I think its nature’s way of being an anti-disease because during the last couple millennium the way these plants could survive is if their babies could withstand cold and have high cold tolerance.  These fructans during the cold this is how they increased their way of survival so RS1 is in the outside of a plant baby like a tuber or a bean or a whole grain those are the main ones with outsides and it’s very hard to break. Our enzymes cannot break them down but some of the microbial ones can. RS2 is just starch usually it’s the raw uncooked one. The big popular one is the white powder or starch. It's straight RS2.
RS3 is cooked so it gels out into usually a liquid (and becomes digestible to us) and then during cooling it congeals up and makes it a little harder for us to breakdown.  A carbohydrate that raises our blood sugar is digestible; we call this net carbs, right.  Once it congeals, it’s actually a fiber, we can’t break it; our enzymes from our mouth and our pancreatic enzymes can’t break it down and …
Dave: That was RS3 right.
Grace: Yeah RS3 and the thing about RS3 is that if you reheat it or it’s cooled and then cooled and reheated multiple times you do this, the harder it is actually for the enzymatic degradation process by the microbial amylases so believe it or not it  becomes more and more of fiber so parboiled rice is one of them.  They pick the rice and they heat right they cook it right on the field or something and then they cool it and then it’s packaged up and that actually has a higher RS total because of the RS3 compared to other forms of cooked rice.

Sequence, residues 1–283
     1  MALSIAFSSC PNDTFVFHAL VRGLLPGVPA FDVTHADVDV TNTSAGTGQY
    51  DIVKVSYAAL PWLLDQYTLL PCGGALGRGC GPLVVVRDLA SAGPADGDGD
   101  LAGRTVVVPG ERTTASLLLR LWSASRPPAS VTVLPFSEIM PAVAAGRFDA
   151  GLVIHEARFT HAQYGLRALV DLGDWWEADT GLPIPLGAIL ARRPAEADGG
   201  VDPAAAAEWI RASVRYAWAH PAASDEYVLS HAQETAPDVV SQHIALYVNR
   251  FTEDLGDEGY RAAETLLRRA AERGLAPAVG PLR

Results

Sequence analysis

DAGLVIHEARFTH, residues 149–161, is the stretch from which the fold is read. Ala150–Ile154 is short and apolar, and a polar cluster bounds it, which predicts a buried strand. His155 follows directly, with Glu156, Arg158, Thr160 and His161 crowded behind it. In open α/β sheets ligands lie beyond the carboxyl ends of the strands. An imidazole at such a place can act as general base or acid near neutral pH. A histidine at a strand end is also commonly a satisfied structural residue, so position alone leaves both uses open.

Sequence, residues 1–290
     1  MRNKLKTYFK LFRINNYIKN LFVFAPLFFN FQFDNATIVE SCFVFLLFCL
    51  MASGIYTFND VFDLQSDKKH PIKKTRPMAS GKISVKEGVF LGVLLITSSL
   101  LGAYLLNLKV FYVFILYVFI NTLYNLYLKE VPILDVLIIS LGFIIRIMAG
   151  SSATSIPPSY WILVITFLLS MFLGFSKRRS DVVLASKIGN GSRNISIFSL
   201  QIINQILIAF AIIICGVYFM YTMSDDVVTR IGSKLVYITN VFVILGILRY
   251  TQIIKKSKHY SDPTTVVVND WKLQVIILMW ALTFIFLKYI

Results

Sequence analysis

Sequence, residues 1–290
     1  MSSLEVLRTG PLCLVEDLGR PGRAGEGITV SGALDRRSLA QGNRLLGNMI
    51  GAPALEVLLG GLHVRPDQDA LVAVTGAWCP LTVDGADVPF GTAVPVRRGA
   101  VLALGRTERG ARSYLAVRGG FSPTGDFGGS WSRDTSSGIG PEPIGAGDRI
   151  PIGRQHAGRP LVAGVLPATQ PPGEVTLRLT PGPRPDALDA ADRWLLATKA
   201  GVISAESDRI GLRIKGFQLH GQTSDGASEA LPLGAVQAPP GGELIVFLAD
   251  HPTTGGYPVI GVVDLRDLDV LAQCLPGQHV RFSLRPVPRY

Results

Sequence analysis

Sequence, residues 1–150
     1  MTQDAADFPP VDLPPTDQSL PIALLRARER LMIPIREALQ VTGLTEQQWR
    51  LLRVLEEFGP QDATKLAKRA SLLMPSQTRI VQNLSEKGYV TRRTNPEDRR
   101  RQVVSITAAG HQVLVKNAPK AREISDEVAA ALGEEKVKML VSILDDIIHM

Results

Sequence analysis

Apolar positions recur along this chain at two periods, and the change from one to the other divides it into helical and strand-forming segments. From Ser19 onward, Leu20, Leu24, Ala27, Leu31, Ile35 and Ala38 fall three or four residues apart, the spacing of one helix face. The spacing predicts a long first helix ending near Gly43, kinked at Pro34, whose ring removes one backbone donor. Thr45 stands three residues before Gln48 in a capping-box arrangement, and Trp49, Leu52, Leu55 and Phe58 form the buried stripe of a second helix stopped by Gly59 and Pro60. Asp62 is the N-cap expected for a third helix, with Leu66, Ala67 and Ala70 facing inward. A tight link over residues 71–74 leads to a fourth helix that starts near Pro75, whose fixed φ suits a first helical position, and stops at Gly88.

Dave: Then what about RS4.
Grace: The last form is RS4 it actually doesn’t exist in nature it’s almost like a synthetic pharmaceutical.  It starts in the factory or chemical lab. They add some kind of molecular parts or enzymes to break down.  They do this to a lot of pharmaceuticals usually to make it long lasting; they add halogen you know drugs can’t be broken down by our body we halonate make them.  These actually are the most toxics drugs actually with the halogen removed reactive is, but for food I don’t actually remember the that they stick on it could be or something, but it just makes it harder for the enzymes to break down they tend to last longer.
Dave: That makes a lot of sense so we have and this is funny because in the Bulletproof Diet like a protein is not a protein the difference between an egg white and spider venom they’re both proteins their just different they do different things. Now we talk about carbs and then of course we have sugar we have fructose we have all these other things like and then starch, but then it turns out with starch we don’t really have starch we have 4 kinds of resistant starch and some non-resistant starch right.
Grace: Yeah and it all depends on temperature and breed and it’s all the way more complicated then what I learned in school on Nutritional Science as an Undergrad.
Dave: Let’s zoom in on the resistant starches why should anyone care about resistant starch like what’s the big deal is it just another kind of fiber.